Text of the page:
(CNN) -- Black detectives in the New York City Police Department's Intelligence Division filed a federal complaint with the U.S. Equal Employment Opportunity Commission alleging racial discrimination in NYPD hiring and promotion practices.
The New York Civil Liberties Union filed the report last month on behalf of complainants, who accuse the Intelligence Division of employing a "secretive and standardless promotions policy" that promotes white officers ahead of better-qualified African-American officers. They said there is a "secret list" of officers to be promoted, most of them white.
The complaint specifically targets the City of New York, NYPD Deputy Commissioner David Cohen and Assistant Chief Thomas Galati.
NYPD Deputy Commissioner Paul Browne denied the allegations, telling CNN affiliate NY1, "There's no 'secret' list. There's a formal review process that measures job performance, years in rank, etc. in which minorities department-wide have fared better than at any other time, in recognition of their meritorious performance."
The NYCLU said African-Americans are underrepresented in the Intelligence Division. They comprise 18% of all NYPD officers, but 6% of Intelligence Division personnel, according to the complaint. Additionally, the complainants allege that no African-American holds a rank above sergeant, while most serve as third grade detectives, just one rank above regular police officers.
The distinction means a salary difference of $30,000 per year between a third grade detective and a higher first grade detective. It is also a difference of $15,000 per year from a lifetime pension, and the lower ranking excludes third grade detectives from professional networking events and opportunities.
The complainants said they have been passed up numerous times for promotions despite excellent work records and recommendations from superiors.
"The NYPD has chosen to cloak promotions in secrecy, and give the all-white high-level supervisors who run the Intelligence Division unfettered discretion to handpick white detectives for promotion over more qualified African-American detectives," the complaint reads.
It calls for a promotions program that is more transparent and systematic.
Police departments in other cities have faced similar accusations.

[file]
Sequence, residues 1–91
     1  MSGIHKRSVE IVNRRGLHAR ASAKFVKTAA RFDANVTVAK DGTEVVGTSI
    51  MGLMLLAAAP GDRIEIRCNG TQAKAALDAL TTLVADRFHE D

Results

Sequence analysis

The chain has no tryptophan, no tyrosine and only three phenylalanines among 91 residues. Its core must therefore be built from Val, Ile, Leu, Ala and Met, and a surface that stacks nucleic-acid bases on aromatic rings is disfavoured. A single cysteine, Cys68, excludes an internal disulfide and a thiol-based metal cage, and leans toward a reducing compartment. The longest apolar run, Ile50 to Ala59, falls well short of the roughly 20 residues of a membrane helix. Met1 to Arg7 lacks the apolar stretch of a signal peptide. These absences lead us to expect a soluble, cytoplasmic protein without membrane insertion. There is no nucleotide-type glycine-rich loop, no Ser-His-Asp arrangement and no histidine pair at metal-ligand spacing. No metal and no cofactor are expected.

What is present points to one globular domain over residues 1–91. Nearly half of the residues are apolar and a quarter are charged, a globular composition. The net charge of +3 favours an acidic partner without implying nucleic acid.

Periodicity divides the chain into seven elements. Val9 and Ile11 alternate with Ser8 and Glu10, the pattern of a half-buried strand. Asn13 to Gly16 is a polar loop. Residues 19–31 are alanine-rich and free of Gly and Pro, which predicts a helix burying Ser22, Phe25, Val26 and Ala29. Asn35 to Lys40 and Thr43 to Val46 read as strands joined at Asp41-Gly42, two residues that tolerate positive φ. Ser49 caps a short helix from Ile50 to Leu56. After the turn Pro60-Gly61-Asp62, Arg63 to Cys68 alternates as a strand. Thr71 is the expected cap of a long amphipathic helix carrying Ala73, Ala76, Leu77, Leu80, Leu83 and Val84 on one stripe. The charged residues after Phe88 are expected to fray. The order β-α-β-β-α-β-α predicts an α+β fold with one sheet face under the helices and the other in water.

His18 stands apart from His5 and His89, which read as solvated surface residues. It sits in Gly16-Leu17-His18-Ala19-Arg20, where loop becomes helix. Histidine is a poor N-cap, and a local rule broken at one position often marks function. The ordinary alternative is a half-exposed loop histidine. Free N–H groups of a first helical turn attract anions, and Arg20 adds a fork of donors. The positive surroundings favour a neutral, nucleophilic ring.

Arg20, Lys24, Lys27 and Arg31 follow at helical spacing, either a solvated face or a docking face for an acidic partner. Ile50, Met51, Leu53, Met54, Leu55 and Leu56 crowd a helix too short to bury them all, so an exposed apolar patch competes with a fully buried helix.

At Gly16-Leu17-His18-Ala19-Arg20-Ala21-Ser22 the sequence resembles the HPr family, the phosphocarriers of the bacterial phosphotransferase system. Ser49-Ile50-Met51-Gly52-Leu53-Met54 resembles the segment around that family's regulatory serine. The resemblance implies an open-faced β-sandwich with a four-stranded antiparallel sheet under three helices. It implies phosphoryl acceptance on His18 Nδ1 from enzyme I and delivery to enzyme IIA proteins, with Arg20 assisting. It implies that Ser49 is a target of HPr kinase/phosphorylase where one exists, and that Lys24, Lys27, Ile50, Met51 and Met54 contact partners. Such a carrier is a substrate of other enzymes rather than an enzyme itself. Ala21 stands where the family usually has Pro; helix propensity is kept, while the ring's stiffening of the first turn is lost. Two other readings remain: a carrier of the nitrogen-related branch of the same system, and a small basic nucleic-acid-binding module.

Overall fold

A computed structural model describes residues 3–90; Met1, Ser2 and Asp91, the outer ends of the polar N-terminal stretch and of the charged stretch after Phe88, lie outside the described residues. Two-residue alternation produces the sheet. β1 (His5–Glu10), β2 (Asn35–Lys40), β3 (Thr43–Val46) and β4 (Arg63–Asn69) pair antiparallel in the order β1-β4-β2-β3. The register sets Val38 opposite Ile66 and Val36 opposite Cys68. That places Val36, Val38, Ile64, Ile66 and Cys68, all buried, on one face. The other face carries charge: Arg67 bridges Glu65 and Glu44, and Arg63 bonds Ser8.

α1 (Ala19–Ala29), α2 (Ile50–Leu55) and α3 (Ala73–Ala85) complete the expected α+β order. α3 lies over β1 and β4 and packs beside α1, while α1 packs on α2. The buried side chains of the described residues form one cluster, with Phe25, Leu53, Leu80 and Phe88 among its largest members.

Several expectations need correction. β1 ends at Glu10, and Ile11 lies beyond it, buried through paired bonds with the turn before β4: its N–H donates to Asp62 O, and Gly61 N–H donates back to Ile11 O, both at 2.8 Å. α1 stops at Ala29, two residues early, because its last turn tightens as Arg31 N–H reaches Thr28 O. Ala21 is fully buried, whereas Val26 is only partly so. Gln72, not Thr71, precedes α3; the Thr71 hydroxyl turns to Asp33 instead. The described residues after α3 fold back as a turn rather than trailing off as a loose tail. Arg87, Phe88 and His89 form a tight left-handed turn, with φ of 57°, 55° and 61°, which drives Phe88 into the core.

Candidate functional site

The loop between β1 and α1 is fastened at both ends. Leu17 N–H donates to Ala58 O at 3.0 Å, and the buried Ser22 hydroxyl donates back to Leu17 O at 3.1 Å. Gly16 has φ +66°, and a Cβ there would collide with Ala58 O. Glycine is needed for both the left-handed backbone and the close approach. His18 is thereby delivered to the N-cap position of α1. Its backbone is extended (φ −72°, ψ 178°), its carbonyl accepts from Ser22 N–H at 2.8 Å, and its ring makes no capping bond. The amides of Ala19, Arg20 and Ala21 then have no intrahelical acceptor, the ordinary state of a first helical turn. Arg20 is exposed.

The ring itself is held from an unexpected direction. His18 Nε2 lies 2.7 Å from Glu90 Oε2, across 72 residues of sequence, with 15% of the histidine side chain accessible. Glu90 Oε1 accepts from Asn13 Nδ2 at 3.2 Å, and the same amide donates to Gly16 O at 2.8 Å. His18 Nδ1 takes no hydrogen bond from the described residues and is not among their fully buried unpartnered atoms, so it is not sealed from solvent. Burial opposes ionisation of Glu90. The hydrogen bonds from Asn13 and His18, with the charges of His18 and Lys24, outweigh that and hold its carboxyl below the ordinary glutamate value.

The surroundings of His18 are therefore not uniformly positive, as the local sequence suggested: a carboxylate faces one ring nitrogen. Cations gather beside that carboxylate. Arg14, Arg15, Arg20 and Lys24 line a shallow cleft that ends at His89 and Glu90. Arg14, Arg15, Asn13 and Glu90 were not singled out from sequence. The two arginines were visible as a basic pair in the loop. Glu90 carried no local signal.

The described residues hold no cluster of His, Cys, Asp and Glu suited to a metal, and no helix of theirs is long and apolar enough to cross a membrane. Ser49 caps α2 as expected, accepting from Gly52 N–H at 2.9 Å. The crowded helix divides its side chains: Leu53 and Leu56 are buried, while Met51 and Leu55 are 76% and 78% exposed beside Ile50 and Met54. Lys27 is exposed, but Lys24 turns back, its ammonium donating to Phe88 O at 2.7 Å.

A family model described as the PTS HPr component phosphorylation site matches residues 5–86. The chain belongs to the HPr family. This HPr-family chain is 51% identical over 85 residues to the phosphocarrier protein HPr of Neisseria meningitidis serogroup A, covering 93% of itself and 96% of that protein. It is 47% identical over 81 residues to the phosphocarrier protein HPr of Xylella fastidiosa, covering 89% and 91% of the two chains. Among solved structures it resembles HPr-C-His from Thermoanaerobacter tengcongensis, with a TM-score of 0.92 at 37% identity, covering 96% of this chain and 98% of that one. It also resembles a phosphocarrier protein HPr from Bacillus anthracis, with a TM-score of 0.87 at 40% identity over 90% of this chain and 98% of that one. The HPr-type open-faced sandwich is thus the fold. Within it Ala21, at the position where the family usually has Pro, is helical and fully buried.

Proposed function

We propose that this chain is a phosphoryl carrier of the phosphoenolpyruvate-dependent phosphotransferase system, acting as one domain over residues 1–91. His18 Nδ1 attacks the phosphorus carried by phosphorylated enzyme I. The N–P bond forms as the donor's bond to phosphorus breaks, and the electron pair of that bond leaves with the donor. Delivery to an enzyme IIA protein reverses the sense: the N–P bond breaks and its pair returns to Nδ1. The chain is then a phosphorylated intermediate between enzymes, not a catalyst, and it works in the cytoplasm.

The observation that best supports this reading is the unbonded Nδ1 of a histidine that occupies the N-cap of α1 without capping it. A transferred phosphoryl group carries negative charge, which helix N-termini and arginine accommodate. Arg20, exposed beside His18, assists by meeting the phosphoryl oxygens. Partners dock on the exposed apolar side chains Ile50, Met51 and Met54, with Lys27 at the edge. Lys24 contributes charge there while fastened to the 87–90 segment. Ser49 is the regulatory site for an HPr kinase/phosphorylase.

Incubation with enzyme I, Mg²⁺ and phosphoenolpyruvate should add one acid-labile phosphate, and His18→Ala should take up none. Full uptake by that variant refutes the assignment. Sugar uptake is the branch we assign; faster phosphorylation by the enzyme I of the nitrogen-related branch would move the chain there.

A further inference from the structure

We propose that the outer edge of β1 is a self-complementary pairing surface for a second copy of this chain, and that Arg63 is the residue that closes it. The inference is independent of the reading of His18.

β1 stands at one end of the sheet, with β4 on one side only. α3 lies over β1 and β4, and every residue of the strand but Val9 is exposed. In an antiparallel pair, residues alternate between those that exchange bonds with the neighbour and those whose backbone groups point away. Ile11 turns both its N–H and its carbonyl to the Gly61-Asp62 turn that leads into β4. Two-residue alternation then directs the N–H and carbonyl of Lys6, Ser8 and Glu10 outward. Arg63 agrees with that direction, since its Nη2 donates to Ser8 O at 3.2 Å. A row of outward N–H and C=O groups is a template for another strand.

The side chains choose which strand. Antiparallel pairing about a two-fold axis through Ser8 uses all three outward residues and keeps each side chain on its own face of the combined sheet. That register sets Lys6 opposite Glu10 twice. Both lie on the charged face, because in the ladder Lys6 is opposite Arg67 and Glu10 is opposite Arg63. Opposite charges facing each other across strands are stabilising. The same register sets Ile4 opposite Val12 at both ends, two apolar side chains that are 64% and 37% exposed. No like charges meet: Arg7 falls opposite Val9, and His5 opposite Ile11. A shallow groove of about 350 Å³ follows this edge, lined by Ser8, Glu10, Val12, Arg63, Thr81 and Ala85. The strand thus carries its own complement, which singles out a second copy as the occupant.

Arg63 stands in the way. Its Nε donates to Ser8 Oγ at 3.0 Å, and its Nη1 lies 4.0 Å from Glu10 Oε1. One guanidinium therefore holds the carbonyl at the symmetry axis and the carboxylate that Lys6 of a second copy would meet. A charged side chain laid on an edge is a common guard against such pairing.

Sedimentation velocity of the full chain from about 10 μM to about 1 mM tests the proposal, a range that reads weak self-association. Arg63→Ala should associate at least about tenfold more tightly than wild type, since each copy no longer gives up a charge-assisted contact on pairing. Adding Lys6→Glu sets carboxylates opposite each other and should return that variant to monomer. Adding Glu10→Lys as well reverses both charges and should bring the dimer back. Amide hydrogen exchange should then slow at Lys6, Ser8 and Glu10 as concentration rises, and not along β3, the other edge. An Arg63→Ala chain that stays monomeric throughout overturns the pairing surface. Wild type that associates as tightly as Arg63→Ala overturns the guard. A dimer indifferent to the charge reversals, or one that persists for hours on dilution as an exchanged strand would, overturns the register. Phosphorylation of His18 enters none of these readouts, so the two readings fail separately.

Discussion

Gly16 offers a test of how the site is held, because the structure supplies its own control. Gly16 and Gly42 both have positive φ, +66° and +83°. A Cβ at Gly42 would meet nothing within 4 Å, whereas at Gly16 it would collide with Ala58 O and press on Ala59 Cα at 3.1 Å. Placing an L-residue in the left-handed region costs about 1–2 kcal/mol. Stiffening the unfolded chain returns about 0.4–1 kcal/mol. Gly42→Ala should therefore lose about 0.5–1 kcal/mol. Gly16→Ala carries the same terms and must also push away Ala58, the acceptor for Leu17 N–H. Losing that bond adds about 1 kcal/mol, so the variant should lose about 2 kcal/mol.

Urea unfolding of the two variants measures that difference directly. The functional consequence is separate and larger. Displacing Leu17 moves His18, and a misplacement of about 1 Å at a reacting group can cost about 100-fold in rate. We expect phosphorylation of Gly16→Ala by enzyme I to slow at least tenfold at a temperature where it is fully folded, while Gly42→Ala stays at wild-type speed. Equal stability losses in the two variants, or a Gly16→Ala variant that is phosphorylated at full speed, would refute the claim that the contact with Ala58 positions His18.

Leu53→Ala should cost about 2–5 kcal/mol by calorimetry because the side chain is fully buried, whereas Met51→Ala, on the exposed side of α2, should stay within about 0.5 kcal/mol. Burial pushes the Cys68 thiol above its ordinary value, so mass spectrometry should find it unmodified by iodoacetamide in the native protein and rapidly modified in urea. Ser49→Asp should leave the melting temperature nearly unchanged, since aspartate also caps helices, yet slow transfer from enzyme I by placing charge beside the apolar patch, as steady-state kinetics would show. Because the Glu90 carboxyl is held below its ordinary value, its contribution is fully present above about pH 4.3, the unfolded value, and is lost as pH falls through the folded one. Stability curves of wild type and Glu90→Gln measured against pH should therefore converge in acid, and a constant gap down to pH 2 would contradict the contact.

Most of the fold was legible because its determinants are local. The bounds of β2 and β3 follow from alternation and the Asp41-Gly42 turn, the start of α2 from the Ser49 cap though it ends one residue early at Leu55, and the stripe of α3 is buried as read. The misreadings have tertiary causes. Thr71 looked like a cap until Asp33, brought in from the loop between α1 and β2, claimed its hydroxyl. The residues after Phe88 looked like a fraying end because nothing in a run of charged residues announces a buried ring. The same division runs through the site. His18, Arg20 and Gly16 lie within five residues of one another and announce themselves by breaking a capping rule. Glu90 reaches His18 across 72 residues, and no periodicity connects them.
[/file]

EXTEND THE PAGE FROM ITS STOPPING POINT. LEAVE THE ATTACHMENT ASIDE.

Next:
The New Haven, Connecticut, Police Department has a relatively transparent system that bases promotions in part on test scores. Officers take a test that is part written, part oral, and those with passing scores are eligible for promotion. However, that system has also led to discrimination suits.
In November, 10 African-American New Haven police officers filed a suit against the city saying they were denied promotions because of their race. Their attorney, John R. Williams, said all 10 officers passed the examination, but few Latino officers scored well. Rather than promote a disproportionate makeup of officers, the city allowed the list of eligible officers to expire one year later.
The move came just weeks after the Supreme Court ruled in favor of 19 white firefighters and one Hispanic firefighter who sued when the city tossed out results of a 2003 exam because African-American candidates had not scored well.
The city defended the move, saying it is in keeping with Title VII of the Civil Rights Act, which bans tests that would have a "disparate impact" on a protected class like minorities.
Williams said the idea of an objective, merit-based test is ideal, but it doesn't work if officials ignore the results.
"Basically they do what they're doing in New York but through the back door," Williams said.
New Haven and New York law enforcement officials deny all charges of discrimination. A civil suit is expected to be filed soon on behalf of the black NYPD detectives.